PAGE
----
“Growth Accelerator Program Will Be a Game Changer in Liberia”

Participants at the just ended Growth Accelerator Liberia Agricultural Cooperatives cohort on service provision

— UNDP Program Team Leader urges agricultural cooperatives cohort entrepreneurs

The United Nations Development Programme (UNDP) Team Lead, Dosla Facarthy, says Liberia is the only country where the government is the largest employer, but the Growth Accelerator program will be a game changer for the country.

Facarthy told the participants that Liberians rely too much on the government for jobs and that the government is too small to absorb everybody. “It does not happen in any other country, so there’s a need to reduce that tendency, which is what you are doing here today,” he said. 

“We want this program to be a game changer in Liberia. People rely too much on the national government — everybody wants to work for the government, and the government is too small to absorb everybody, so Liberia is the only country where the government is the largest employer. It hasn’t happened in any other country, so we need to reduce that tendency, and part of the way to reduce that is what you are doing here today,” said Facarthy.

He made the remarks recently at a two-day training workshop on service provision for Growth Accelerator Liberia Cohort II Agricultural Cooperatives, organized by iCampus Liberia, Accountability Lab with support from UNDP, to help businesses scale up their operations through technical assistance, mentorship, and co-financing.

The Growth Accelerator Liberia challenge is in partnership with the Ministry of Commerce and Industry with funding from the UNDP Livelihood and Employment Programme.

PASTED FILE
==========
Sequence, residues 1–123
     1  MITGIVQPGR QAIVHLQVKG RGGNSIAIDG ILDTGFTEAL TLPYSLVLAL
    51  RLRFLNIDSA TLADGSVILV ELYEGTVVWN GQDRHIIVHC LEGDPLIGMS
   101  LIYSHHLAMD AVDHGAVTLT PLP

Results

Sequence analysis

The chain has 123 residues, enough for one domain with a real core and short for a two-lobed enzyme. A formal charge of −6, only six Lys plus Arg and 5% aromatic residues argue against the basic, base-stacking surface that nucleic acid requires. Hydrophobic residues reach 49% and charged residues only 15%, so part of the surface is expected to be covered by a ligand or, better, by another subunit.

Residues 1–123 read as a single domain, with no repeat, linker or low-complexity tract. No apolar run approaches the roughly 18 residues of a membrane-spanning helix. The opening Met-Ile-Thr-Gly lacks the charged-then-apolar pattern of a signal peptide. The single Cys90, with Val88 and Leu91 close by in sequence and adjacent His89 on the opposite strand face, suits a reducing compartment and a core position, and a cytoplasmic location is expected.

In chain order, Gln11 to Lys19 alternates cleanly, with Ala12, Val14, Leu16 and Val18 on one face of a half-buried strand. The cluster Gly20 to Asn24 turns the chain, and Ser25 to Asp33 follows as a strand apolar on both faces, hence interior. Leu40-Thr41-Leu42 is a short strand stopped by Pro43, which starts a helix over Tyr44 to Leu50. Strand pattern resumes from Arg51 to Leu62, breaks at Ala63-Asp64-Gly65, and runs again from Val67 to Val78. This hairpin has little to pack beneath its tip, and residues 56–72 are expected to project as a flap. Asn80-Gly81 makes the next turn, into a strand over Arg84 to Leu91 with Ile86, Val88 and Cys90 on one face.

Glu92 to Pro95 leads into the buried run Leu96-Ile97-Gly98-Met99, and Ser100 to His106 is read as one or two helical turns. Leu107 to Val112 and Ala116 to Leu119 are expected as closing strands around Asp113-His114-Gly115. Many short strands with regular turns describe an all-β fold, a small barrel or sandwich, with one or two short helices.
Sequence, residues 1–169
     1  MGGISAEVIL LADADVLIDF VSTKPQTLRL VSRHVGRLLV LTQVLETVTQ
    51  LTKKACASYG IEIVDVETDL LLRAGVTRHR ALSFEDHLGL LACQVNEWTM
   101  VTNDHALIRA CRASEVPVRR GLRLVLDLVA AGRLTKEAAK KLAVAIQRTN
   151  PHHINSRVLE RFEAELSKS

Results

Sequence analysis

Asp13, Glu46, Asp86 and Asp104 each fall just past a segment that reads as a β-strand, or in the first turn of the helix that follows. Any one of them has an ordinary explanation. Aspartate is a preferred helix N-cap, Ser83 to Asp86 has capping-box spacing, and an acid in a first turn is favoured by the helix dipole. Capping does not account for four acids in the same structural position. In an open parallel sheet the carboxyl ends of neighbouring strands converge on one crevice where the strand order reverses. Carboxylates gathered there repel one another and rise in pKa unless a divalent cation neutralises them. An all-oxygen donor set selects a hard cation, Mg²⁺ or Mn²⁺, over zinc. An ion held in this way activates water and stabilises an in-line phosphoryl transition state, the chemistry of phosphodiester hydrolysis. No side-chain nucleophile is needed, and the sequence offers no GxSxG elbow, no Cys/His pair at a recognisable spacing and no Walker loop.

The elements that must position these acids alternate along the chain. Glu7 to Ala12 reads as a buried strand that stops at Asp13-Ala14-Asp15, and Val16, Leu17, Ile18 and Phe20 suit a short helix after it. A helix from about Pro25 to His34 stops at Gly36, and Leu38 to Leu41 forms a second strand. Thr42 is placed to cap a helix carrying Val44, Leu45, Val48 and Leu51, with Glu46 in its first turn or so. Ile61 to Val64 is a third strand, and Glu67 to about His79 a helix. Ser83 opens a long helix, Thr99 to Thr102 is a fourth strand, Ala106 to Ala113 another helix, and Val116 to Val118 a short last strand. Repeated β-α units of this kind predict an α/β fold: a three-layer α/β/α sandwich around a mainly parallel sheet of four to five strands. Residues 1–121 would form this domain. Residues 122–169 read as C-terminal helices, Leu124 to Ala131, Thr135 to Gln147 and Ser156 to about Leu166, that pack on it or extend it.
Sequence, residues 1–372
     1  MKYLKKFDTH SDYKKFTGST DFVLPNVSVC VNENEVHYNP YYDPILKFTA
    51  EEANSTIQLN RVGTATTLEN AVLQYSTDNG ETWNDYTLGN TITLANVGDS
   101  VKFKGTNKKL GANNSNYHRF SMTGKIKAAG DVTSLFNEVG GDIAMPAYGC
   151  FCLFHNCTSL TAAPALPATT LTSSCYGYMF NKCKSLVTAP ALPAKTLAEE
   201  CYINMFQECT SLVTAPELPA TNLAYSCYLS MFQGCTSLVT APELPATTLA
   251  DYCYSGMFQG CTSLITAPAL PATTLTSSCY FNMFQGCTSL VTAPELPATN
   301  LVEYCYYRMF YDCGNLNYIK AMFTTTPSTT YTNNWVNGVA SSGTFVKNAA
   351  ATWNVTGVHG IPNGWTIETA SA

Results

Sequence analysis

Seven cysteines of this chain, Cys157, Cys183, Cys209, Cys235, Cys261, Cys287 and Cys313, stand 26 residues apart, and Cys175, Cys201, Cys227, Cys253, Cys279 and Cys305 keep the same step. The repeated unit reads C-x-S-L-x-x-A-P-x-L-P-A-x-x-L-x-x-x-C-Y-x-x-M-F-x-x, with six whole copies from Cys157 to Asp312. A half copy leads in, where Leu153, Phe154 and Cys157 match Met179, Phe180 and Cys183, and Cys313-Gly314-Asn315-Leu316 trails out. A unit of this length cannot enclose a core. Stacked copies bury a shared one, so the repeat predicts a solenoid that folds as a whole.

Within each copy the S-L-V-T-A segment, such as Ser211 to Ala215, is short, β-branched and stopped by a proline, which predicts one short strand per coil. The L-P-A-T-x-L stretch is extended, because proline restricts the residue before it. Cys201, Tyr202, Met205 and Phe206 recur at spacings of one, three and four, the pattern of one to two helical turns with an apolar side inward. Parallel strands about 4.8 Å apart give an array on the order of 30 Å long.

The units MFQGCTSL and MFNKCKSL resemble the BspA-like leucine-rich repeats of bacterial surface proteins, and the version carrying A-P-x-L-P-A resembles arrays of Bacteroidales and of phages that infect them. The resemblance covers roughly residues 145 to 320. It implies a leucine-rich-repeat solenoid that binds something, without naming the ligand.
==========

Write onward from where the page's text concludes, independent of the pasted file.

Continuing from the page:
iCampus Liberia, in partnership with Accountability Lab Liberia, Growth Africa, and Business Startup Center Monrovia, are implementing the programme.

“Business pays a lot,” Facarthy said. If you start your own business right now, you become the boss of your own. You can employ people, determine what time to go to work, and you will not be working for someone from 6 a.m. to 5 p.m. If you manage your business well, there’s no need to fight for a government job because it pays.” 

He told the participants that the UNDP wished for an entrepreneurial spirit for all Liberians so that they could take their destinies into their own hands.

Facarthy urged the participants to pay close attention to whatever they are learning because those are the skill sets required to move the Liberian economy forward.

For his part, the chief executive officer of iCampus, Luther Jeke, lauded the participants for convening for the training.

He stated that the service provision workshop offers primary enterprise growth abilities and assists in scaling cooperatives, in addition to empowering native entrepreneurs.

Jeke said the training is part of this year's Growth Accelerator Cohort II, which is divided into two parts: MSMEs and Agriculture Cooperatives.

“We hope to see the program grow within the next couple of years. But more importantly, all of you who are participating on the stage are able to pick up knowledge and skills that you can use to effectively grow your business,” Jeke said.

Meanwhile, the agricultural cooperatives cohort II workshop was facilitated by Jonathan Stewart, CEO of Agri-Tech Liberia.

The training brought together participants from Darbodakel Farmer’s Cooperative Society, Rescue Women Micro-Agriculture Cooperative Society, Nimba Livestock Farmers Association Inc., Nimba Women Agricultural Venture, and Rural Women and Girls Promoters for Sustainable Development. 

Others are Makona River Farm and Agricultural Services, Voinjama District Women’s Organization for Peace and Development, Multi-purpose Farmers' Cooperation Society, Community Empowerment and Innovation in Agriculture, Rural Agriculture Promoters Cooperative Society, and Geh-Zoedoar Farmers Association.